It’s 2015, which means time is up on the Millennium Development Goals, the UN’s mother of all to-do lists that was agreed in 2000. Progress has been tracked along the way, and the final report is now in. How did we do?
Goal 1 – eradicate extreme poverty and hunger. Extreme poverty has halved since 1990, with a noticeable acceleration since 2000. Much of that is China, which has cut poverty rates by 94%, but almost every region has taken big strides forward. Sub-Saharan Africa remains a challenge, and with over 800 million people still in extreme poverty we’re a long way from eradicating it. There’s been progress on hunger, with the number of malnourished people in developing countries almost halved. As the goal was about hunger rather than food security, there are still massive vulnerabilities here, and there’s more to do on supporting agriculture and smallholder farmers.
Goal 2 – universal primary education. Up from 83% to 91% in developing countries, putting it well within reach in the near future, if not quite within the scope of these targets. One in five children in Sub-Saharan Africa is still out of school, but Africa has also seen the fastest progress. Another challenge to universal enrolment is conflict. Half of the world’s 60 million displaced people are children. Conflict has pushed up the number of children out of school in a number of countries since 2010, reversing some of the progress.
Goal 3 – promote gender equality and empower women. The numbers of women in government has risen in many parts of the world. Enrolment of girls in primary school has increased dramatically in Southern Asia, and two thirds of developing countries now have gender parity at primary level. Access to contraception has improved. That’s all good, but women are still more likely to be in poverty than men. Wage differentials remain significant. Even in the most developed countries, there’s still a mountain to climb on this one.
Goal 4 – reduce child mortality – the number of children dying before the age of five has halved since 1990. Part of this is down to vaccination programmes against diseases such as measles, which declined by 67% around the world. However, a quarter of the world’s under-5s have stunted growth – ie they would be taller than they are if they had a decent diet. Child nutrition is an obvious next step. The children most at risk now are harder to reach, often in rural areas and in the poorest countries. That presents a challenge in completing the task.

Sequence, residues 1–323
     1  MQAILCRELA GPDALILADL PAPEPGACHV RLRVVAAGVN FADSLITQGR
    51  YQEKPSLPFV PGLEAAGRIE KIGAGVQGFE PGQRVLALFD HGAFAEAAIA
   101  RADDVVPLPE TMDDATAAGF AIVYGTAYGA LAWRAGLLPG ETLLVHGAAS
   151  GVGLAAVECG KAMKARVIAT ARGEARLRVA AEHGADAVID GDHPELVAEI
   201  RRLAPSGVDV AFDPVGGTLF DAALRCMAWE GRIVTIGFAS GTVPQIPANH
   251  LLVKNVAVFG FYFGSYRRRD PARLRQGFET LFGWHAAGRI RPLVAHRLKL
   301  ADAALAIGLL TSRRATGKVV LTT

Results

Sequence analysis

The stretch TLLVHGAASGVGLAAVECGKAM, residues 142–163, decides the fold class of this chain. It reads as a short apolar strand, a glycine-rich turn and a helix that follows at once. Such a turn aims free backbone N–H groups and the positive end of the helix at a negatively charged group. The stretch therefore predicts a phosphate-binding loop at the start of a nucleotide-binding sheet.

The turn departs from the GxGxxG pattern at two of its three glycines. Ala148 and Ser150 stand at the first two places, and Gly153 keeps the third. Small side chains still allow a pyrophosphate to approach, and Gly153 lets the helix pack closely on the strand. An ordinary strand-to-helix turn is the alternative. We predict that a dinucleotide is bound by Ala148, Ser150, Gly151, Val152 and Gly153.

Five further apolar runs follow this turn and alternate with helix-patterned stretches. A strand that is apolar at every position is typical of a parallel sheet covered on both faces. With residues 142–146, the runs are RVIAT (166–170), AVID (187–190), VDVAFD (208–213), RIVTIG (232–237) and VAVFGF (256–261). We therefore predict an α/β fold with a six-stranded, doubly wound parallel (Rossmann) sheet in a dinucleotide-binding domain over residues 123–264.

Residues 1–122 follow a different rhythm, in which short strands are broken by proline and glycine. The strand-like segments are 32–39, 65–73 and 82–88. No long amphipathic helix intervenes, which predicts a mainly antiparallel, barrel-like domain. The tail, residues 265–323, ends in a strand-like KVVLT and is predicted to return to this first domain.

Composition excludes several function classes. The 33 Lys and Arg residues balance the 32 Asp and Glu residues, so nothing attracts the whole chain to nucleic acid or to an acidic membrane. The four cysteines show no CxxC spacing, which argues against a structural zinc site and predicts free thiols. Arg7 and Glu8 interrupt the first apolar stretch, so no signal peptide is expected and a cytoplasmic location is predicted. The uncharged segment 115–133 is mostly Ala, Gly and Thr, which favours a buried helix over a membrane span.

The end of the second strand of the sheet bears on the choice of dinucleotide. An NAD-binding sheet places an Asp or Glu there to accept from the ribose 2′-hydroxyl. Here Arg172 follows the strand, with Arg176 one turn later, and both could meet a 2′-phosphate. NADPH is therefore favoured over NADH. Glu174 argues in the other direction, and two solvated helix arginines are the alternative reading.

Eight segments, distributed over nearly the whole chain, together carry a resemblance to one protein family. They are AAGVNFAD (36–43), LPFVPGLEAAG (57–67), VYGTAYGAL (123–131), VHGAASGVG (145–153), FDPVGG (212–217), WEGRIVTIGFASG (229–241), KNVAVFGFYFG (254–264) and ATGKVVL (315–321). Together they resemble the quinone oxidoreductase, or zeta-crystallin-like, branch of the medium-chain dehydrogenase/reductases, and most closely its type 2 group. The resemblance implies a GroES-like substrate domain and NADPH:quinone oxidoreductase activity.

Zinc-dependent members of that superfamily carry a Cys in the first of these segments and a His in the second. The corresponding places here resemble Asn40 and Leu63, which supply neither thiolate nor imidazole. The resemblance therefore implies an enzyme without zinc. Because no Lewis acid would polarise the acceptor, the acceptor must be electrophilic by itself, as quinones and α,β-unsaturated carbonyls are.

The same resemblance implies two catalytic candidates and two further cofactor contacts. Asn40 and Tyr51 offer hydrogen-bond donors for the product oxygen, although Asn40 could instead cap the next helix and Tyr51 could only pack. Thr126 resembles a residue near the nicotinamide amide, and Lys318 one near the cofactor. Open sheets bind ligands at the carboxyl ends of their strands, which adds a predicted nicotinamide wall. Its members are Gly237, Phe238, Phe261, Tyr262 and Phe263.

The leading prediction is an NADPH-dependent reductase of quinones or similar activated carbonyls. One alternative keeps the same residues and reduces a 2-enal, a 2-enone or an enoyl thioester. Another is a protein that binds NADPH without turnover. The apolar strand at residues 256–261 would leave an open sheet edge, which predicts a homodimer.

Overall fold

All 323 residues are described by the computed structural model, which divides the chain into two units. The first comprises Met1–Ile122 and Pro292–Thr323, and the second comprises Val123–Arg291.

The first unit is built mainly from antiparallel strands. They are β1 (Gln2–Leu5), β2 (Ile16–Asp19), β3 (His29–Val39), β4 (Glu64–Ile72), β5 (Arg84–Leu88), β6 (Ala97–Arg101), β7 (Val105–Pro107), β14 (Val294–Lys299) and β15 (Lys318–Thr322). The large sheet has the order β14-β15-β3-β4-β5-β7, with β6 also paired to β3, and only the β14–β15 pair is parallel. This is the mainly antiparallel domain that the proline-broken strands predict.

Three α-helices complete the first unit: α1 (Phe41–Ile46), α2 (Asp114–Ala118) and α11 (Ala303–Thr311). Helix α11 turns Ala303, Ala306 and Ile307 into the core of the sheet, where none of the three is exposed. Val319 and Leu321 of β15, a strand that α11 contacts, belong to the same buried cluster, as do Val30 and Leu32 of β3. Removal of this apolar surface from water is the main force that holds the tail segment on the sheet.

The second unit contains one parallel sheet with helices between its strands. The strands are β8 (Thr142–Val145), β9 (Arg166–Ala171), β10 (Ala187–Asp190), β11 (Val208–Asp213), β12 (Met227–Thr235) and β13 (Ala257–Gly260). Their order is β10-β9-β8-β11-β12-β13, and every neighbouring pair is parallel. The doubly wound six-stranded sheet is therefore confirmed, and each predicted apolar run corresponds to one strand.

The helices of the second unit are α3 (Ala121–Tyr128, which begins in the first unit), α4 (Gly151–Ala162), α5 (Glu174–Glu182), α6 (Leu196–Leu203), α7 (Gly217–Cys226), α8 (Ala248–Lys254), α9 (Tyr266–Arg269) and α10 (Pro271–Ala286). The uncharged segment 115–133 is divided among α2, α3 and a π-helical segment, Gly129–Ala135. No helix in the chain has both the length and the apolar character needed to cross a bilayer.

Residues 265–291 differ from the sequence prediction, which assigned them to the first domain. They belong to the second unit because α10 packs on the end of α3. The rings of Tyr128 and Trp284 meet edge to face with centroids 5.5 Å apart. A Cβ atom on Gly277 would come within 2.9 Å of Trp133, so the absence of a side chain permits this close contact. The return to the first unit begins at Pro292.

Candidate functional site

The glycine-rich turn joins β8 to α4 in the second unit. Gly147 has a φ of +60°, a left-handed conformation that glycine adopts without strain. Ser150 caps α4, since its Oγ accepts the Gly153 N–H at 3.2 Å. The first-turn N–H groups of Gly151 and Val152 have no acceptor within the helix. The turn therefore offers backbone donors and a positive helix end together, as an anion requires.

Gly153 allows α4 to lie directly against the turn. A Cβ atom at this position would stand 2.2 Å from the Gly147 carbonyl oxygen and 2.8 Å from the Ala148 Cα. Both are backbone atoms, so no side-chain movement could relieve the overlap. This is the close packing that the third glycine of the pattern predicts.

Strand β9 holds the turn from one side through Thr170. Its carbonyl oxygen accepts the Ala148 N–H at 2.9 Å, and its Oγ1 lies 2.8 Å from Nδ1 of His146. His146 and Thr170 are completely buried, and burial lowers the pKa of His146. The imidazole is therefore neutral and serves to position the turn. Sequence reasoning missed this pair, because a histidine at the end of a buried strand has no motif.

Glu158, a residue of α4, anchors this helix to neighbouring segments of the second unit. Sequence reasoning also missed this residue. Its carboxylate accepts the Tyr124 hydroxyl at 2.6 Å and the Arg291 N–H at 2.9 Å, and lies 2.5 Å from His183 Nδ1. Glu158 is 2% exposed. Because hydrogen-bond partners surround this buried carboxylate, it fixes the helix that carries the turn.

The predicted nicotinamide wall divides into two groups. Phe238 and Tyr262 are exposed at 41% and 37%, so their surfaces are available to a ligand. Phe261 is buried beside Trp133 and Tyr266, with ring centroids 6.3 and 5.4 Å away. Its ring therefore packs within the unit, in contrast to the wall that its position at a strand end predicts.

Goal 5 – improve maternal health – mortality has reduced by 45% since 1990, the number of births attended by a health professional has risen from 59 to 71%, and ante-natal care has risen significantly to 89%. A definite improvement, but that’s still over one in four babies delivered without skilled care. Again, it is rural areas that are proving harder to reach.
Goal 6 – combat HIV, malaria and other diseases – new HIV infections have fallen by 40% in the last decade, but that’s still over 2 million people a year. The number of children orphaned by AIDS, a heart-breaking statistic if ever there was one, has peaked and is now in decline. 10 million more people are receiving anti-retroviral treatment than in 2003. Deaths from malaria have fallen 58%, and TB by 45%. Malaria is still endemic in 97 countries and consumes a disproportionate amount of health spending – Godspeed that vaccine.
Goal 7 – ensure environmental sustainability – always the vaguest of goals, this is the one with the least success. The summary of achievements in the final report starts by celebrating the 98% reduction in ozone depleting substances. Since the Montreal Protocol came into force 11 years before anyone signed the MDGs, I’m having none of that. We missed this goal on climate, on biodiversity, and on forest and fish stock stewardship. Access to clean drinking water has improved substantially, but not enough to meet the goal. As we’ve discussed before, if we don’t make progress on sustainability, climate change could reverse all our other development achievements.
Goal 8 – develop a global partnership for development – progress has been made on opening up trade and lifting debts burdens. Overseas development aid increased, but then hit a plateau. Because they included a sub-goal on supporting new technologies, the UN helps itself to a slice of credit for the fact that 95% of the world’s population has mobile phone signal.
Where does that leave us, and what should our new priorities be? Plenty more on that here.